Low back pain is one of the primary causes of Wisconsin workers compensation claims. Serious lumbar injuries can prevent a return to a physical job for many workers. If a doctor assigns permanent, work related restrictions there can be a claim for workers compensation benefits for loss of earning capacity, vocational retraining and/or permanent disability.

While eighty percent of Americans will have low back pain at some point in their lives, few people who feel pain in their low back have a serious medical problem. Ninety percent of people who experience low back pain for the first time get better in two to six weeks. Most of these cases involve soft tissue or muscle strains. Only rarely do people with low back pain develop chronic back problems. We are concerned here with the cases where either a single lifting incident or job duties over time contribute to disabling back pain. Our practice involves injuries to the intervertebral discs and related spinal structures.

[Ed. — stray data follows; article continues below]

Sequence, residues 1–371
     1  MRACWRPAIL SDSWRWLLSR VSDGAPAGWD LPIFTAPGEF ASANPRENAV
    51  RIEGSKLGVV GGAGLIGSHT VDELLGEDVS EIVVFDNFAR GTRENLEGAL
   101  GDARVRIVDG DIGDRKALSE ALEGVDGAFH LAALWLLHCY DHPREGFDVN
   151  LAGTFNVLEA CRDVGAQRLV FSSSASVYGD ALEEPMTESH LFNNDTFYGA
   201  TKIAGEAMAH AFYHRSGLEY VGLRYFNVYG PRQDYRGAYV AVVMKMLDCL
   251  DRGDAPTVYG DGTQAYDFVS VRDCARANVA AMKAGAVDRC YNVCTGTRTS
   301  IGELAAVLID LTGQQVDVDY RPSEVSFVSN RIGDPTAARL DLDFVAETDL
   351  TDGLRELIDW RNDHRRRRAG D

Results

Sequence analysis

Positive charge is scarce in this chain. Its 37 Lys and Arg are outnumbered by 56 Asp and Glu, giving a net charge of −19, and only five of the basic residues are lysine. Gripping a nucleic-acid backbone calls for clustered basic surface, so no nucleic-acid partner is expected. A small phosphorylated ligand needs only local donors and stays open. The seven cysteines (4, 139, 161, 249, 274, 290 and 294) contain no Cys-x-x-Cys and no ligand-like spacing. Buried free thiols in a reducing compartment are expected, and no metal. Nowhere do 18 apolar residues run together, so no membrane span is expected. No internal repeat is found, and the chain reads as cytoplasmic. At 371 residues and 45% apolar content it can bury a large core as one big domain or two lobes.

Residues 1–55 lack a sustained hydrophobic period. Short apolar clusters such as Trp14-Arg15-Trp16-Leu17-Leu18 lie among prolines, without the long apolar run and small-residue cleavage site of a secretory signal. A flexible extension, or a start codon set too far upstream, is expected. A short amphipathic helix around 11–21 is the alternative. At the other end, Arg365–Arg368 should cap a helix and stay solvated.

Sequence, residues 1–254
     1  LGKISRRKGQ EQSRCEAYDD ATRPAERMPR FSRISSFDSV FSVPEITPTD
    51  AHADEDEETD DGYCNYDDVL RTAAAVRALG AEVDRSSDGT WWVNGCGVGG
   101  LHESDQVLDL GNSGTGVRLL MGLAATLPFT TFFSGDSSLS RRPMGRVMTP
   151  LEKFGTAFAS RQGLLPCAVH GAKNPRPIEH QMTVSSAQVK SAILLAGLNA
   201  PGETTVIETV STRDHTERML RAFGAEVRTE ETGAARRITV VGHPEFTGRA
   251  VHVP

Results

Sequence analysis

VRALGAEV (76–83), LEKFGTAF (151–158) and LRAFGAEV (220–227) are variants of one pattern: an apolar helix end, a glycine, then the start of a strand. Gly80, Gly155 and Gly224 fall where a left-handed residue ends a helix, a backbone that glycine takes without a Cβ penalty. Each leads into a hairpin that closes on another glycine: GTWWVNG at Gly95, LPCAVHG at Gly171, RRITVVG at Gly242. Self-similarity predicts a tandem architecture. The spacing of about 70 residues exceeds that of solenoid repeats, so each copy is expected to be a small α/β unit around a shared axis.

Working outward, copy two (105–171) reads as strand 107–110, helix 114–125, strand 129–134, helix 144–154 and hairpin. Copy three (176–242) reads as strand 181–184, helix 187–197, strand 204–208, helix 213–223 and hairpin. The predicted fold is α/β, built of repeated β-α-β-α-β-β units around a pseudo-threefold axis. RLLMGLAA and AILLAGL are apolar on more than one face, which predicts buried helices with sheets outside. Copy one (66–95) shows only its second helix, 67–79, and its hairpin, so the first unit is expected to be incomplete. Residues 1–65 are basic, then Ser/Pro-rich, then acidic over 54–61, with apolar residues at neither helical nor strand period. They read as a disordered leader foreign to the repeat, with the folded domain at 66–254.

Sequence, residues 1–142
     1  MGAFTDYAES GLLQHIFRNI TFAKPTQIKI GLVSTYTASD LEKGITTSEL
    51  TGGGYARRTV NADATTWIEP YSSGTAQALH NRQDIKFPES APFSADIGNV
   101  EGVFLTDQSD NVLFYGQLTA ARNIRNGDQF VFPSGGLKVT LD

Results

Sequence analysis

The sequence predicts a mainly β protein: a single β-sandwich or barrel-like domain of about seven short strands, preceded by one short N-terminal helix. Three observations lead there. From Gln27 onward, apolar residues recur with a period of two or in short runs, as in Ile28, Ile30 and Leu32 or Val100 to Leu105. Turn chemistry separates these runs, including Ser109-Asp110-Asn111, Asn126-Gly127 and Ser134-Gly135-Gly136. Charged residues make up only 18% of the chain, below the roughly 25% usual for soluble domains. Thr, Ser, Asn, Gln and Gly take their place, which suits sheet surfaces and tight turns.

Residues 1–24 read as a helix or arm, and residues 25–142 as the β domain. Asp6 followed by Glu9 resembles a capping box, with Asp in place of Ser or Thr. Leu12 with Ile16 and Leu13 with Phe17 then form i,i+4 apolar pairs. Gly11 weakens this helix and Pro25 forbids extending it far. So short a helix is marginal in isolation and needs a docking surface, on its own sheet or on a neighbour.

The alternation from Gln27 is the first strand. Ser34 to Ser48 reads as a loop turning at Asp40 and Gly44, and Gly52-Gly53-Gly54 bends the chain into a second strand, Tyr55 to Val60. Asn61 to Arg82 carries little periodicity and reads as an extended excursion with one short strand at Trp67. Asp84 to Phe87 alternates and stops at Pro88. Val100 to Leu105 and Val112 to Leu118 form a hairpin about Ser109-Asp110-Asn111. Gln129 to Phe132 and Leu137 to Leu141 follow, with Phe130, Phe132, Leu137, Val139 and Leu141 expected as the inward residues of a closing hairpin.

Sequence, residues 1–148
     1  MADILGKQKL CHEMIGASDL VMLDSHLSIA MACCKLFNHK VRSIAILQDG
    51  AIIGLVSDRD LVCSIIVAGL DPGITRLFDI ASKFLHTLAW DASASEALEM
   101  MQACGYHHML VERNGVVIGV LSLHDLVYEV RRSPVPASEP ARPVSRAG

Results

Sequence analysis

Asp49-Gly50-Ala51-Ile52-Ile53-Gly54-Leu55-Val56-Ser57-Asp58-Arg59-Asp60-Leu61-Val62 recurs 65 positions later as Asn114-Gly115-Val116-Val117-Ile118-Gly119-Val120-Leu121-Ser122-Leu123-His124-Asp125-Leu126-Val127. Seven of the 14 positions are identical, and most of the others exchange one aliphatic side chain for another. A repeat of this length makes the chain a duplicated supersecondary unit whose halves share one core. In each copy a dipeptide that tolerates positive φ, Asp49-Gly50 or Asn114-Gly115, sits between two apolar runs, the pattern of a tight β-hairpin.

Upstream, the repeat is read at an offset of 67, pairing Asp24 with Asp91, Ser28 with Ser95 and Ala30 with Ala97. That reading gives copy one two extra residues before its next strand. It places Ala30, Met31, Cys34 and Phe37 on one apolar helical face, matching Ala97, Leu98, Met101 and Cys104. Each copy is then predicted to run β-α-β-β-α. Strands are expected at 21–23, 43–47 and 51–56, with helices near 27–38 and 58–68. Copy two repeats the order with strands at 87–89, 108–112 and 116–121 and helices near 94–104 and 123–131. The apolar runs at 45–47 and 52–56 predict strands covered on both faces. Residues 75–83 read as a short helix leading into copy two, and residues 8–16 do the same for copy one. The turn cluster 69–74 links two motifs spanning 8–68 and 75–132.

In the next few weeks we’ll discuss the anatomy involved in workers comp low back injuries what causes work-related low back pain, and the benefits available for low back or lumbar injuries resulting in permanent disability. Workers compensation benefits are intended to compensate the injured worker for a portion of their lost earnings or future earning potential. They do not compensate dollar for dollar lost; nor do they compensate at all for pain and suffering. Our objective is to get you the most benefits available under the law given the unique facts of your case.

McCormick Law Office attorneys get the best results in Milwaukee, Wisconsin workers compensation benefit claims for low back injuries when the medical records support the treating doctor and surgeon opinions regarding causation. In addition, open and honest communication is essential to a trustworthy and successful pursuit of benefits. We represent men and women with disabling low back pain from many different physical jobs and professions. Most of our experience is with the construction trades including ironworker, laborer, mason, steelworker, and from manufacturing such as fabricators, tool and die, machinist, and from transportation including truck driver, shipping and receiving and logistics.